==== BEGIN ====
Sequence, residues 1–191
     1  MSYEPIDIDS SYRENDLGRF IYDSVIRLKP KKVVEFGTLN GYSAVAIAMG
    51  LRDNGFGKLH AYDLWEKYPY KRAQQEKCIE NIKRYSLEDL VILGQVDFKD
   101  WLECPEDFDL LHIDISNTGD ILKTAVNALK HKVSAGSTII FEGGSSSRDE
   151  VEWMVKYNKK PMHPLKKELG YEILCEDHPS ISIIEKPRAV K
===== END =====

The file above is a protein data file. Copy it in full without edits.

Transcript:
Sequence, residues 1–191
     1  MSYEPIDIDS SYRENDLGRF IYDSVIRLKP KKVVEFGTLN GYSAVAIAMG
    51  LRDNGFGKLH AYDLWEKYPY KRAQQEKCIE NIKRYSLEDL VILGQVDFKD
   101  WLECPEDFDL LHIDISNTGD ILKTAVNALK HKVSAGSTII FEGGSSSRDE
   151  VEWMVKYNKK PMHPLKKELG YEILCEDHPS ISIIEKPRAV K